So, more for fun than anything else — certainly, I assumed, there were more official ways these sorts of things are created — I sketched some ideas. I sent them to my mentor with some tinge of anxiety that accompanies moments of vulnerability (again, I am not an artist, had not been asked to do this, and felt like I was risking some of my reputation with someone I respected). Thankfully, he welcomed the effort, and, after incorporating his feedback, I sent him a final sketch with a short description:
And then I heard nothing else.
Nearly half a year later, two images appeared on my phone. The first picture showed the wings. In the middle were the elements of Odysseus’s penultimate test: stringing his bow and shooting an arrow through the axe handles. The second picture showed the graduation program for the first class of 13Os. The first 27 MWOs would pin on the mythology-inspired design.
Retelling this narrative is not just about offering the origin story of a new cultural artifact. In the spirit of Odysseus, who often used storytelling for strategic effect, it is about how metic ways show up in more than just in the emblem. Indeed, métis was embodied in the very way that the emblem materialized: unplanned opportunities, the creative juxtaposition of diverse ideas, adventuring into unfamiliar domains, and the inspiration of a mentor (a term inspired by another character in Homer’s epic).
This story is also just as much about the future as it is the past. First, there is the hope that metic intelligence will be embodied by those who wear that badge as they do the important work of turning operational art into strategic advantage. They too will need to be inspired by diverse, often unexpected, analogies; to be prepared against and for surprise; to confront novel challenges; and to convert friction into traction.
More broadly, this is about the paradox of organizational culture and the types of leaders we need at all levels. In his classic work, Organizational Culture and Leadership, Edgar Schein explains how the shared assumptions that form the deepest, most essential aspects of culture are simultaneously the hardest to observe or change. Symbols, while easy to create or alter, exist at the other end of the spectrum as superficial reflections of values. Stories, however, occupy a unique position as both a reflection of culture as well as an “embedding mechanism” leaders can use to nudge that culture. As we seek to “accelerate change” – whether it is to embed a “JADO” mindset into the force or enhance our competitiveness across the continuum – we must balance investments in digital tools with the original virtual reality technology: storytelling.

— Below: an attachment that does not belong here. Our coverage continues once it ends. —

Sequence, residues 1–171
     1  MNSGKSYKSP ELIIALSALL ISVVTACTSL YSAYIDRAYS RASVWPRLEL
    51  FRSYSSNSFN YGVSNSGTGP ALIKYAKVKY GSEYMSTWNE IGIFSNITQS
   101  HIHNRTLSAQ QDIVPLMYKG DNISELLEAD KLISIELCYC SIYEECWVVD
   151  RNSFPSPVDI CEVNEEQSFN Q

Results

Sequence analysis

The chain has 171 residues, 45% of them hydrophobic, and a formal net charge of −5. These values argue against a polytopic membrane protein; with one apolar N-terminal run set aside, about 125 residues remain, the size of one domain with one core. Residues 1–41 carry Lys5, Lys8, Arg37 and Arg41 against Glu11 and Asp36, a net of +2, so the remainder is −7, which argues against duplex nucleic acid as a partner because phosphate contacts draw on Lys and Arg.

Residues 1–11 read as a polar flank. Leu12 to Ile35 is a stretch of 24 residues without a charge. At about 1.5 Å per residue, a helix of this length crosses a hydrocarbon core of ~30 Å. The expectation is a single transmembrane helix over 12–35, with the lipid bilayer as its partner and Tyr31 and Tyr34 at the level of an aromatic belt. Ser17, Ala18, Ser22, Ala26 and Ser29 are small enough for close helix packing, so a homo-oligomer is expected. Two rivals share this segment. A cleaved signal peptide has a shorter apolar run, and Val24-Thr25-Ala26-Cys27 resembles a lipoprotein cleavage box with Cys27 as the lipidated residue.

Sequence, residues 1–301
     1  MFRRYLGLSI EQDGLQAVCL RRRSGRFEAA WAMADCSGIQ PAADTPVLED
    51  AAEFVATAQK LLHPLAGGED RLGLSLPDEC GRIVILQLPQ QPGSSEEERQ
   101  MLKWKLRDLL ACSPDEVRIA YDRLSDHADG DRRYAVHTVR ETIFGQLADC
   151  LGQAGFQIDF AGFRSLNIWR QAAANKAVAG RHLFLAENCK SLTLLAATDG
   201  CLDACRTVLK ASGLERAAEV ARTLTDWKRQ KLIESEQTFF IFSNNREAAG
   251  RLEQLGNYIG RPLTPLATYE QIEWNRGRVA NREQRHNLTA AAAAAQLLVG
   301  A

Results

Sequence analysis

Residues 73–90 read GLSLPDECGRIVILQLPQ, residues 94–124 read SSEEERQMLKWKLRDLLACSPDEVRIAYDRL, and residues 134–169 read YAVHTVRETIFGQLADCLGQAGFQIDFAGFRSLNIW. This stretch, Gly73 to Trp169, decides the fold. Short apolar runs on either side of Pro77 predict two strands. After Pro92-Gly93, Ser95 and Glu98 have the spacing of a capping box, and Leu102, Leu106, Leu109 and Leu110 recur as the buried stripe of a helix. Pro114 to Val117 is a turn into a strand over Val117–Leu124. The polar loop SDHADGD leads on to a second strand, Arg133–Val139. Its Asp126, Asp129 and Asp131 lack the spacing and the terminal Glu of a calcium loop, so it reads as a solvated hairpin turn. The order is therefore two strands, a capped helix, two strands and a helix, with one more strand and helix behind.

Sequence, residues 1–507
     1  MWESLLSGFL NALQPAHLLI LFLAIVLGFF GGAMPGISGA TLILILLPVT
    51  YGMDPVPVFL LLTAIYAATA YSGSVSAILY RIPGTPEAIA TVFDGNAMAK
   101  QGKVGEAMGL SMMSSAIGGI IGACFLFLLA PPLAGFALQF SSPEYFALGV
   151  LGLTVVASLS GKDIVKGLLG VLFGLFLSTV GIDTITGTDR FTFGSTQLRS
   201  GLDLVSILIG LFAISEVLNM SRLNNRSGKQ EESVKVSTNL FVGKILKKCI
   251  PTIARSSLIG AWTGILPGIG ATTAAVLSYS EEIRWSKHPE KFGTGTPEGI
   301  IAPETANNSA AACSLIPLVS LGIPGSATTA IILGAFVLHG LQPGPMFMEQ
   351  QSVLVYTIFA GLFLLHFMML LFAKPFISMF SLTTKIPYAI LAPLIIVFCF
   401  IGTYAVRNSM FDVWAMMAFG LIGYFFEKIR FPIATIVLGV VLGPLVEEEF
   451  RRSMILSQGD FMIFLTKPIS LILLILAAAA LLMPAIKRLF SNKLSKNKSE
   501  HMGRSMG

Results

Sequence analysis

In other words, we absolutely need specialized MWO operators – proudly donning their new wings — who can account for time, geography, tools, and data to synchronize actions across warfighting domains. Even more fundamentally, however, we need leaders with the strategic sense to creatively synthesize history, culture, technology, and divergent ways of perceiving and processing information into wisdom. These individuals appreciate that the critical work of anticipating and designing what is “over the horizon” often benefits from revisiting the experiences and exemplars of the past – factual and fictional.
Thank you to Lt Col John “Crash” Yi, a founding member of the new MWO community, for reviewing an earlier version of this and for providing pictures.
Col Jason “TOGA” Trew, USAF. Col Trew is the Vice Commandant of the USAF’s Squadron Officer School at Maxwell AFB, Alabama. His operational background includes assignments as a F-15C pilot and an Air Liaison Officer (III Corps and 10 Mountain Division). He is a graduate of the School of Advanced Air and Space Studies and earned a PhD in history from Auburn University.
Disclaimer: The views expressed are those of the author and do not necessarily reflect the official policy or position of the Department of the Air Force or the U.S. Government.
Featured Image Photo Credit: U.S. Air Force Photographer, Mr. Keith Keel